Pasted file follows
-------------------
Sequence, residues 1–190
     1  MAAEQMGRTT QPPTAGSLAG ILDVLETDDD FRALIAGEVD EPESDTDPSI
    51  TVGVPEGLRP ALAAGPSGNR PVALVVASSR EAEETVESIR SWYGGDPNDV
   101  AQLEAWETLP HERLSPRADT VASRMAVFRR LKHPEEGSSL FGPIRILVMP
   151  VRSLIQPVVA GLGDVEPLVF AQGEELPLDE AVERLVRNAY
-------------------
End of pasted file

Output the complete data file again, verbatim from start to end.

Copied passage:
Sequence, residues 1–190
     1  MAAEQMGRTT QPPTAGSLAG ILDVLETDDD FRALIAGEVD EPESDTDPSI
    51  TVGVPEGLRP ALAAGPSGNR PVALVVASSR EAEETVESIR SWYGGDPNDV
   101  AQLEAWETLP HERLSPRADT VASRMAVFRR LKHPEEGSSL FGPIRILVMP
   151  VRSLIQPVVA GLGDVEPLVF AQGEELPLDE AVERLVRNAY